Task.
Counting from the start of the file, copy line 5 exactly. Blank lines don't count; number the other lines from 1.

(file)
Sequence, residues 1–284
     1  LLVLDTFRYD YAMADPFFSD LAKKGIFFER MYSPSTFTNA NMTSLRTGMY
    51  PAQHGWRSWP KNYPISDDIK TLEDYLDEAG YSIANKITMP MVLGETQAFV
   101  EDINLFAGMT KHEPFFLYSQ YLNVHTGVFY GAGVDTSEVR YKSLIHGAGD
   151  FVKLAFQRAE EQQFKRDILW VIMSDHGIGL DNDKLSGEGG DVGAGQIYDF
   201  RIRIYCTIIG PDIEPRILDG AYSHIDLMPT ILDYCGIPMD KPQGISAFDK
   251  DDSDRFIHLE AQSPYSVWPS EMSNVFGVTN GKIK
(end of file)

   151  FVKLAFQRAE EQQFKRDILW VIMSDHGIGL DNDKLSGEGG DVGAGQIYDF